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Dividend stocks have never been more popular. With interest rates on most competing investments at rock-bottom levels, dividend yields remain attractively high -- almost unimaginably high in many cases. Regardless of whether it's a smart move from a risk perspective, investing in dividend-paying stocks is probably the only thing giving many investors the income they need from their hard-earned nest eggs.
That could all change, though. With the new proposed federal budget, a much larger tax penalty for dividends could push the pendulum back toward alternative methods of returning capital to shareholders -- methods that haven't worked nearly as well historically.
The budget and you
Yesterday's proposed budget for fiscal 2013 included provisions that would mark a policy reversal for the administration. Previously, the budget for the current fiscal year had suggested setting a new maximum rate on dividend income of 20%, matching the level of capital gains taxes that applied before the 2003 tax cuts took effect.
But now, the budget would send dividend tax rates all the way up to ordinary income rates for couples earning $250,000 or more and singles earning $200,000 and above. That would push the top tax rate on dividends up to nearly 40% -- not including the proposed surtax connected with the health-care reform law from 2010.
Companies fighting back
It's not just taxpayers that are fighting the new proposed dividend tax rates. Many high-profile companies are also backing opposition as part of more general concern about the uncompetitive state of U.S. taxation on businesses compared to other nations.
The Alliance for Savings and Investment claims as its top priority "making permanent today's current low tax rates on capital gains and dividends" as a boost for investors and the overall economy. The group, which includes Frontier Communications (NYSE: FTR ) , Altria (NYSE: MO ) , and Windstream (Nasdaq: WIN ) , argues that private investment is the key to economic recovery and job growth.
Of course, those companies and many of the group's other members would be at the epicenter of the proposed tax changes. As high-yield dividend stocks, their shareholders would take the biggest hit from a dividend tax hike.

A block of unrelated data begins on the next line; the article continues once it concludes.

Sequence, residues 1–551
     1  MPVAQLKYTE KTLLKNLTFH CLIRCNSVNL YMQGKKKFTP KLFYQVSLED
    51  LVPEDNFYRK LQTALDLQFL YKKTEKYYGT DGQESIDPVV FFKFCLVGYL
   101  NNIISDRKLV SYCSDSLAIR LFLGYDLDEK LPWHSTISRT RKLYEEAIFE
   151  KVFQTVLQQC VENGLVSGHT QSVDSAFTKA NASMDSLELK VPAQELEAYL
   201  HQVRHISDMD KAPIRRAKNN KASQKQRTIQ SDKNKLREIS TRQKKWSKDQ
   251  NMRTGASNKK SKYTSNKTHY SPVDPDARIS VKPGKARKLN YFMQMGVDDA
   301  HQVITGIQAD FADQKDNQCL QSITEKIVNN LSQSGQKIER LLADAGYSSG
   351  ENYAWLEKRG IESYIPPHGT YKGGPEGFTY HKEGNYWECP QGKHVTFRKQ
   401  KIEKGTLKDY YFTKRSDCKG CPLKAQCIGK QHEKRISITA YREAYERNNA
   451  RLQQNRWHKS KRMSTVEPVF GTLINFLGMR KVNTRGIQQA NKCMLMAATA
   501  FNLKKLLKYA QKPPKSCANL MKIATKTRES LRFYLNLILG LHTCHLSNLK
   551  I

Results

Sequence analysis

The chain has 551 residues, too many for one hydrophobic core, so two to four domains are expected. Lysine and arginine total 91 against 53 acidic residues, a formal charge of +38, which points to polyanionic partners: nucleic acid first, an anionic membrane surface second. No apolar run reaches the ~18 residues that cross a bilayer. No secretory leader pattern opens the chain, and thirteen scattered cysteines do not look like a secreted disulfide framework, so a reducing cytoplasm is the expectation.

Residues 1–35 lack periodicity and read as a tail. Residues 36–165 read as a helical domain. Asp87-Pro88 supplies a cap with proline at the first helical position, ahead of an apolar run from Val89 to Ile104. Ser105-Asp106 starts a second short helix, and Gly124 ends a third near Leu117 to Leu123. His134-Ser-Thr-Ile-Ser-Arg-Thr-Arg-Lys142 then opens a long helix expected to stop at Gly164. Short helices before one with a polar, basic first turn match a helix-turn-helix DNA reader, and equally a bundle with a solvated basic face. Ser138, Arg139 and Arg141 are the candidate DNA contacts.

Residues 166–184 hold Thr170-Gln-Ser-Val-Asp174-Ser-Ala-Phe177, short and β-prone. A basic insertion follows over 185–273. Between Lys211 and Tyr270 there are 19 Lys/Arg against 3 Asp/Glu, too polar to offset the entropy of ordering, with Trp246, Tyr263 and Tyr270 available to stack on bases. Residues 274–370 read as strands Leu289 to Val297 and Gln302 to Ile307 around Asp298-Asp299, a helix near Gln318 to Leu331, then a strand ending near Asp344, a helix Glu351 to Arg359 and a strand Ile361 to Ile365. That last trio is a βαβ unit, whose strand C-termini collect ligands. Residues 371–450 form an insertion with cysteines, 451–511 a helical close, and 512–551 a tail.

End of a trend?
Leaving aside the fairness of such a tax, increasing taxes on dividends would likely put a stop to the decade-long trend toward higher dividends. Following the 2003 tax-law change that established lower rates for dividends, corporations suffered less from the double taxation of dividend income and therefore were more willing to pay dividends. That in turn gave investors, rather than corporate executives, the decision-making authority about whether to reinvest that cash into more shares of stock or use it for other purposes.
With high dividend taxes, corporations will likely go back to doing more share repurchases. Unfortunately, they've done a horrible job of timing those purchases, often buying back shares at exactly the worst time for shareholders.
Of course, some companies will be unaffected by higher dividend taxes. Mortgage REITs Annaly Capital (NYSE: NLY ) and Chimera Investment (NYSE: CIM ) already saddle their shareholders with ordinary-income rates on their payouts, because their dividends generally don't qualify for the preferential rate. A number of other stocks and other income-producing investments similarly incur higher tax rates.
In addition, you can always invest within tax-favored retirement accounts to avoid a higher tax bite. In fact, the end of preferential dividend rates will make owning stocks in IRAs and 401(k) plans more attractive, because you'll no longer have a disparity between the lower rates that apply in taxable accounts versus the higher rates that apply to withdrawals from IRAs and 401(k)s in retirement.
Regardless of higher taxes, investors should be wary of letting corporations take away the cash they receive through dividends. With billions of dollars sitting in corporate coffers, the opportunity for mismanagement is so great that I'd argue you should take a highly taxed bird in hand over a possibly squandered two in the bush.
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